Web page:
I don't mind if MLB wants to go with a "30 new closers in 30 days" gimmick for this season, I just wish they'd promote it a little better. Mercy.
Jose Valverde stepped into the ring of fire Tuesday afternoon in Chicago, in what was supposed to be a routine "get work" appearance with a four-run lead. Papa Grande retired the first two batters, then Paul Konerko and A.J. Pierzynski followed with hits. Valverde went to a 3-1 count on the ensuing batter, Alex Rios, before the proceedings stopped and the Tigers removed him from the game.
A half hour later, the news came down: Valverde is dealing with lower back tightness. "Just have to keep our fingers crossed on Jose," Tigers manager Jim Leyland told MLB.com. "I think it's all right."
Detroit has used Joaquin Benoit and Octavio Dotel as Valverde's gatekeepers this year; Benoit usually gets the eighth inning while Dotel works in the seventh. Benoit pitched a scoreless eighth in Tuesday's game, and it was Dotel who inherited the chippy save chance that Valverde created. Dotel finished off Rios's walk, allowed a hit, then recorded one out. Ballgame. Good work if you can get it.
A day-to-day injury like this might not sound like much, but we have to consider the body type with Valverde. He's 6-foot-4 and generously listed at 254 pounds, and he's never really been in Olympic shape. He's only topped 67 innings twice in his relief career (though he did sail past that number last year). If you drafted Valverde back in March, you knew what you were getting into. (I felt confident Valverde was headed for a possible injury this year, I just thought it would happen through elaborate celebration. Looks like I lost that prop.)
Leyland is a manager who likes simplicity with his roster and lineup. He's not one of those Tony LaRussa types who wants moving parts all over his ballclub. If Leyland wrote a daily chess puzzle, the solution would be "mate in one." LaRussa's puzzle would be a five-day series that ultimately served as a testament to LaRussa's genius. Leyland has never been a manager with an ego or a complicated plan.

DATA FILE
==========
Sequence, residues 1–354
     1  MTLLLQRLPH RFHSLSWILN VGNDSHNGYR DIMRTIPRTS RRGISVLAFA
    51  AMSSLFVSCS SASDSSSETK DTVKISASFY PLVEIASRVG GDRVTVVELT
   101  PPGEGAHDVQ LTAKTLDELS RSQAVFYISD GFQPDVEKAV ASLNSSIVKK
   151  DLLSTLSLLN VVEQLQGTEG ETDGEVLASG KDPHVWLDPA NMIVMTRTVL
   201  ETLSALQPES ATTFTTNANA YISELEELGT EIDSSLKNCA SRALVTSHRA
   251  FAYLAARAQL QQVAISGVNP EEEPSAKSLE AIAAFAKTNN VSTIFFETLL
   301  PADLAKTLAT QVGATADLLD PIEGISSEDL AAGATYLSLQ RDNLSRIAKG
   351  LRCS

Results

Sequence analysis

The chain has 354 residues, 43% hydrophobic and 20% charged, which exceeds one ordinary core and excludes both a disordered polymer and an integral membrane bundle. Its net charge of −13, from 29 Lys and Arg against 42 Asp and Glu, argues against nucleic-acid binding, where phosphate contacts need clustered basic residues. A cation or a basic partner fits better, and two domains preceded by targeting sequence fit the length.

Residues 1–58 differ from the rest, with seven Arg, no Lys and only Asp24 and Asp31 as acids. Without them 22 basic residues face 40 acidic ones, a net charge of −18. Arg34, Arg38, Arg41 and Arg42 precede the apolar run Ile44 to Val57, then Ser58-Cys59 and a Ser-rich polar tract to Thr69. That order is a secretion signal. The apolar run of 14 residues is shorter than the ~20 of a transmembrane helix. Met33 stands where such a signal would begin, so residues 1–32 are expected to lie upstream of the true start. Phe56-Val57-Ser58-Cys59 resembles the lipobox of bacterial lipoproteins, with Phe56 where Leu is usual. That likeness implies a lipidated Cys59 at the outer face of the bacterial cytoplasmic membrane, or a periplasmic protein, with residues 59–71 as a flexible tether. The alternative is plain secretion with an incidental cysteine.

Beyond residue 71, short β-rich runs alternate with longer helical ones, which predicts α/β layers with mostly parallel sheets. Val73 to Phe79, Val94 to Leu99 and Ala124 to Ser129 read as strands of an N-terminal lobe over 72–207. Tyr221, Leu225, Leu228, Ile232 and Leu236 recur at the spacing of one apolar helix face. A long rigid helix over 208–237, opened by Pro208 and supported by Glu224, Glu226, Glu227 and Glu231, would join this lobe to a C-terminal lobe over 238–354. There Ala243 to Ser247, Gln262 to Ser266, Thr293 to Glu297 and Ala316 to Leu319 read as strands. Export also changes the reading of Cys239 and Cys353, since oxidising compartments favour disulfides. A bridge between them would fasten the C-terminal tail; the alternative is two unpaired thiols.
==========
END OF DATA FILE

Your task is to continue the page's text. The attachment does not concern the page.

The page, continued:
What I'm bandying about is this: if the Tigers do need to replace Valverde for an extended period of time (and no one's saying that yet), I'd expect one pitcher to get the bulk of the closing work. Leyland generally wants defined roles, so long as his players can handle it. He's the guy who stuck with Todd Jones through thick and thin for so many years. He's good to his closers.
Because Benoit already had claim to the eighth inning, I'd make him my first speculation play here. Dotel actually has much better stats this year and considerably more closing experience over the years (he's also four years older than Benoit), if that matters to you. But the one time Dotel was asked to secure a save in a traditional manner this year, it turned into a mess: he couldn't throw a strike in Seattle. Maybe that means something to the Tigers, maybe it doesn't.
Some might point to Benoit's five blown saves from 2011, but throw that stat in the shredder. All of them came in appearances before the ninth inning; as we've discussed in the past, these are misleading outcomes. A non-closing reliever will often be given a chance to blow a save but no real chance to complete that same save. So any blown opportunity before the ninth inning has to be treated differently, or perhaps not considered at all.
Onto the next bullpen on fire. Let's be careful out there.
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